Thorough exploration leads to rewards in the form of power-ups, mostly coins and the occasional pick-up that replaces your kick with a frisbee. Having a projectile attack sounds useful but in almost every situation the jumping kick is better because it covers a larger area, so generally you want to stick with the melee attacks. This makes sense to me. I'd much rather get hit by a frisbee thrown by a child than have said child slam his foot into my face. Something that makes less sense is that in this Coca-Cola game you get power-ups by smashing Coca-Cola advertising, but what the hell do I know? I'm no marketing expert, which is one of the reasons no-one reads this site. Maybe focus groups remember a product more clearly once they've rammed their foot through it.


Speaking of ramming your foot through things, the enemies in this first stage have no thematic connection to either Coca-Cola or the downtown setting. You're kicking robot birds and, for some reason, boxers who roam the streets looking for children to punch. It's a narrow tightrope, this advertising lark - I know for sure that the next time I drink a Coke, I'm going to remember that time I watched a boxer punch a little kid, and hopefully now you will too. Even if it is only a tiny pixel child, I don't think that's the kind of association the Coca-Cola Company were after.


Don't worry if you get hit, because you can always drink some great-tasting Coca-Cola that will restore your health and definitely not contribute to any problems with diabetes later in life. I'm not sure you'd get away with that nowadays, not with "real" products anyway. It's a shame videogames weren't around in the thirties, I could be looking back on games where packs of cigarettes refill your health bar and a radium enema makes you temporarily invincible.


Here's a screenshot of CC Kid performing a kickin' rad skateboard jump. Enjoy it, because it's the only one I've got - the skateboards only appear in the early stages and this was the only time I managed to travel for more than three seconds with hitting something that caused the skateboard to disappear. Once again, jumping kicks are proven to be the most expedient and most effective means of travel.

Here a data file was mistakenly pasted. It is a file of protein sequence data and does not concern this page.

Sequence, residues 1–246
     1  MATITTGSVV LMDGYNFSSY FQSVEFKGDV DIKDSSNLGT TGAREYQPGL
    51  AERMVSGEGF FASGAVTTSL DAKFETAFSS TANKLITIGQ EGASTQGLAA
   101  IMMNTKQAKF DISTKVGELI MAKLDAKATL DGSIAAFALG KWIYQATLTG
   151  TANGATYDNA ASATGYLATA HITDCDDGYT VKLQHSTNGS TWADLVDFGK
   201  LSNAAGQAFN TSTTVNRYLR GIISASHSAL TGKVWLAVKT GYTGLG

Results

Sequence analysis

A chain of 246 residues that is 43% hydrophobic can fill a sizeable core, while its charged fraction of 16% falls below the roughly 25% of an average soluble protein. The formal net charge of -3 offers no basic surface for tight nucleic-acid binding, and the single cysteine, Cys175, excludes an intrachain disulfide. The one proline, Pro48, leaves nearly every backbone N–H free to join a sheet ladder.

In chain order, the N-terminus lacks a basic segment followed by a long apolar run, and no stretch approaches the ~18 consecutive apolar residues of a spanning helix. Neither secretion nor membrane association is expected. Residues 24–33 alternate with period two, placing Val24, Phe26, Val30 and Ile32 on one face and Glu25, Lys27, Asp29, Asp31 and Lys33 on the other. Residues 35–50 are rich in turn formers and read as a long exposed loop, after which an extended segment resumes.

After two short stages of platform-hoppin', soda-quaffin' action, the Kid faces off against the punk from the intro in what I suppose is a boss battle despite it being the easiest part of the game thus far. The boss throws a couple of projectiles at you - projectiles which look a lot like they're made from cola - and then runs towards you, eager for a kick in the head. Jump over the cola hadoukens, kick the boss a couple of times and the first world is over.


Why, how terribly helpful of you. I will do just that. I hope your comrades in the League of Sinister Villainy don't mock you too hard for getting your ass handed to you by a schoolboy half your size.


Between worlds you can spend any coins you collected at this vending machine. I strongly recommend you buy the life-ups before anything else. Coca-Cola Kid is not a difficult game: I never needed to use a continue, especially not at the start of the game, and purchasing some extra health is a much better use of your CokeBucks.


Despite being a Japanese game starring Coke's Japanese mascot, Coca-Cola Kid must be set in America because the second area is Central Park. I can understand that - after all, there's nowt so American as Coca-Cola. This version of Central Park is a collection of floating grassy blocks patrolled by fat men who can curl up into a ball and ram you like angry woodlice who have indulged in too much of a competing brand of soft drink, so we're not looking at a realistic depiction of New York here.